RIDING THE RAILS of Metro has become a trip in the worst sense, with worn-out equipment and corroded management taking their toll on passenger patience, not to mention promptness. That's a harsh analysis, but it comes now not just from the public but also in candid comments from Metro chief executive Richard A. White. Mr. White did something unusual last week, taking responsibility for a set of management and personnel problems and promising new measures to shape up the organization. That certainly beats the usual bureaucratic explanation that "mistakes were made." Now it is up to Mr. White to deliver.
"We've done some things that, to this day, still don't make much sense to many people," Mr. White noted correctly. "Either we've misfired badly or we've done a totally inadequate job of providing the entire context or rationale for what we've done." It's both; poor supervision of certain operations and inadequate communications with the public. Some of the results: worker error produced a flood at a station when nobody paid attention to sprinkler alarms, a Metro police officer arrested a pregnant woman for talking loudly on her cell phone, a station manager bellowed at a pregnant woman and shoved her husband after they asked about a stopped escalator (most riders are surprised when they find any working escalators, never mind a working elevator). Then there was a cracked rail that stalled rush-hour trains, and malfunctioning doors at any hour.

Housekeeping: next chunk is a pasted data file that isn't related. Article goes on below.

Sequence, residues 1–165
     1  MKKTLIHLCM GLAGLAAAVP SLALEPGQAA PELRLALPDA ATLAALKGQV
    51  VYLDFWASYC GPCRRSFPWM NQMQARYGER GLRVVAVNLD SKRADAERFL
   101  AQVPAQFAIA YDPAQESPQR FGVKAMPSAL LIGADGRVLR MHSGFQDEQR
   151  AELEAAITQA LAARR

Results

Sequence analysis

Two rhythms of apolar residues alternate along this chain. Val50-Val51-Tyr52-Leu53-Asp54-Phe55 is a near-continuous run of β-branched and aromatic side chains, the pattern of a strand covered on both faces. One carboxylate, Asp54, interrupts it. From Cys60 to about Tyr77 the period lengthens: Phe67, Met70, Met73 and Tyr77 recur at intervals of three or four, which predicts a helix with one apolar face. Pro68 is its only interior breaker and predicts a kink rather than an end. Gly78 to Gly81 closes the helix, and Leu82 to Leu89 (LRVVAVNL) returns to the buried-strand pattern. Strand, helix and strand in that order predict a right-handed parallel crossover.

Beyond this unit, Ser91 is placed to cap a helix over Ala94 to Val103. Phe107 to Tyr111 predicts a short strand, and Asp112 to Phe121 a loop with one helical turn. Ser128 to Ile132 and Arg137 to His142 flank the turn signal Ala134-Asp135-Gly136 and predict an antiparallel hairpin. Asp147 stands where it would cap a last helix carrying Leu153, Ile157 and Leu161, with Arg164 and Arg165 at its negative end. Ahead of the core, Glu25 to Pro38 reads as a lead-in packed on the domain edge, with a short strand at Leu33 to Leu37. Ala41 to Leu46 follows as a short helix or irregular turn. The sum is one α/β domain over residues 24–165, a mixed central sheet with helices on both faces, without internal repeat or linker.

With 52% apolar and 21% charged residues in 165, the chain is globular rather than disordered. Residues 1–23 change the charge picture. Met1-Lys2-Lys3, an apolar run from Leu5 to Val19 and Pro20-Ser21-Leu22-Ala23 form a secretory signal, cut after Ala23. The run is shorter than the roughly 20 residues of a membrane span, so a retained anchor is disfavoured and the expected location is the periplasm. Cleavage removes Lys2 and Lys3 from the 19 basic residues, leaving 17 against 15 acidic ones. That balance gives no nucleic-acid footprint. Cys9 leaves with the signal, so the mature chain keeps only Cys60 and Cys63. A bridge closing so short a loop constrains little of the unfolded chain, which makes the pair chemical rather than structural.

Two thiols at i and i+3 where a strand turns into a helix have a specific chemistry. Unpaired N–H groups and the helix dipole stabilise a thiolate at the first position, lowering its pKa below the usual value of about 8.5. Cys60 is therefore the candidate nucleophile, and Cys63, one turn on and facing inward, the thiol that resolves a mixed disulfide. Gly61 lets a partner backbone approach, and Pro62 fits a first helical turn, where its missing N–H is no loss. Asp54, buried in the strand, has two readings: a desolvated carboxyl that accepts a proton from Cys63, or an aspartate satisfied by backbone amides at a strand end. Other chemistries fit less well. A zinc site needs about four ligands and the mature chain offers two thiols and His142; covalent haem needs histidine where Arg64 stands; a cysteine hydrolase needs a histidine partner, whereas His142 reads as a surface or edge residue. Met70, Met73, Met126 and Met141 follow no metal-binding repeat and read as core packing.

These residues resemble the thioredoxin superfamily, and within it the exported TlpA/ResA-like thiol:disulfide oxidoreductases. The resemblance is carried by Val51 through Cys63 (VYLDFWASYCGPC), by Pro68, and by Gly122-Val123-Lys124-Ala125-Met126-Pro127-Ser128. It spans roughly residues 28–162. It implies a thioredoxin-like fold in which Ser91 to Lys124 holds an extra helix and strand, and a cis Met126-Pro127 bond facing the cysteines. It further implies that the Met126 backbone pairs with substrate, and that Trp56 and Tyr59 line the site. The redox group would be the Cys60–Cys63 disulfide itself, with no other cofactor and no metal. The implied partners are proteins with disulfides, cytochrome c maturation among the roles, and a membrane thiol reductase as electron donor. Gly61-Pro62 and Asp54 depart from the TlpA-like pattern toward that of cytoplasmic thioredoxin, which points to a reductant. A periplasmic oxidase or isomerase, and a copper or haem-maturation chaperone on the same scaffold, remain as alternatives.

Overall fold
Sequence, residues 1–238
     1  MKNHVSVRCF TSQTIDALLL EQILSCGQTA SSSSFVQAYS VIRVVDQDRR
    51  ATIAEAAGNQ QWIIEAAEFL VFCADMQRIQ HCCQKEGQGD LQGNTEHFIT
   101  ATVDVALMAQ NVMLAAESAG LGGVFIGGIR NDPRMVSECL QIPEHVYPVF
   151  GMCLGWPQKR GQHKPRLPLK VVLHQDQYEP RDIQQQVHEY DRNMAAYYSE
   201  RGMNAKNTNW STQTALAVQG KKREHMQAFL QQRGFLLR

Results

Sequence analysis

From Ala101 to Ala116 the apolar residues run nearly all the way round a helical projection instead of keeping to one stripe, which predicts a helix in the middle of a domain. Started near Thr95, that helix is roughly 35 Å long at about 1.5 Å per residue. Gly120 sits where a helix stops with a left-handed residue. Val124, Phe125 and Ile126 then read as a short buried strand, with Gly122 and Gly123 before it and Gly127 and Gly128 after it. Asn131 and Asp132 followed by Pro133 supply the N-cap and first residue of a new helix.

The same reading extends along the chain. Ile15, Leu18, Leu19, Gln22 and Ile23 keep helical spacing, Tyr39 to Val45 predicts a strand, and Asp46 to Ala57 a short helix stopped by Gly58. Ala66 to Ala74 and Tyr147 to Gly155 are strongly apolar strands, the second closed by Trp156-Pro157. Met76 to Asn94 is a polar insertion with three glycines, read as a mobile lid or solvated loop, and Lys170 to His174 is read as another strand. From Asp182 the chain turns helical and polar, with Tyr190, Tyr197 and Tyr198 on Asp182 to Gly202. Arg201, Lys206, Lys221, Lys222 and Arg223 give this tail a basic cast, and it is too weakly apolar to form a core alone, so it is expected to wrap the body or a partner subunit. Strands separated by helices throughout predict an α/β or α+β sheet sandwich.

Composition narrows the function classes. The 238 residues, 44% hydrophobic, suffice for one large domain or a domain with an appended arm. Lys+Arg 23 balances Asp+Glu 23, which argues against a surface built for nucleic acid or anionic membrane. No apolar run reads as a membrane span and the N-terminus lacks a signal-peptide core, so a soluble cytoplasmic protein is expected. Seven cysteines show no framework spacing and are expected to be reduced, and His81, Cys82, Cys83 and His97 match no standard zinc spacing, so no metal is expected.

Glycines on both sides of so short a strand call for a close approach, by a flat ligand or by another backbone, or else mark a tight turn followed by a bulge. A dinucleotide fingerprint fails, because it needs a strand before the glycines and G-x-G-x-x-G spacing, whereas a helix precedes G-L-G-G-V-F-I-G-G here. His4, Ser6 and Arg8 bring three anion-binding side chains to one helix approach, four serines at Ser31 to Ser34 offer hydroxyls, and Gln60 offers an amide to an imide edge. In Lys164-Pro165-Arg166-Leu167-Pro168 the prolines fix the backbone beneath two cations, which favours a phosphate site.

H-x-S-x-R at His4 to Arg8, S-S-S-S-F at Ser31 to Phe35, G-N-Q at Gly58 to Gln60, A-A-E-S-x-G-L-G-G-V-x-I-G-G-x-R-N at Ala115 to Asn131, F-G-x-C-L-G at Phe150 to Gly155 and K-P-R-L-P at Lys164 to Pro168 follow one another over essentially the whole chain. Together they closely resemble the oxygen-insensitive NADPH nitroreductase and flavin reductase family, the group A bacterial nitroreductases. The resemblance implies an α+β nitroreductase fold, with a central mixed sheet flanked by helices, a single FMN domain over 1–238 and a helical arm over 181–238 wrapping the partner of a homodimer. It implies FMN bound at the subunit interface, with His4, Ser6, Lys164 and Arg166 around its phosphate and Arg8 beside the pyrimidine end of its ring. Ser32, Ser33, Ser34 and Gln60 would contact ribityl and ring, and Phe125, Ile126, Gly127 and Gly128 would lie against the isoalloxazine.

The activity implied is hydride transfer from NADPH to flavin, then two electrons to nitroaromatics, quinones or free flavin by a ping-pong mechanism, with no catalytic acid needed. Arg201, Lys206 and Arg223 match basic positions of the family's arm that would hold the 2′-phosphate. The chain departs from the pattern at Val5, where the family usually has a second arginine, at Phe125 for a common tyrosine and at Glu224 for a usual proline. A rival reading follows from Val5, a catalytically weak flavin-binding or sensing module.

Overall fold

Additional administrative errors: Early this year, Metro acknowledged that an internal audit estimated that the system might be losing $1 million a year in parking revenue because of poor monitoring of cashiers. The response? A switch to SmarTrip cards -- before enough were on hand to meet the demand. Now, another mess: Mr. White said that Metro is investigating whether the contractor for its paratransit service exaggerated performance numbers to cash in on more than $3 million in incentives. A Metro employee has been placed on paid administrative leave, and two of the contractor's employees have been removed from their positions.
More shake-ups are on the way, we're told, along with mechanical improvements on the Red Line, which has led the lines in breakdowns. Mr. White's assumption of responsibility is a good first step. But regaining public confidence will take some vigorous efforts.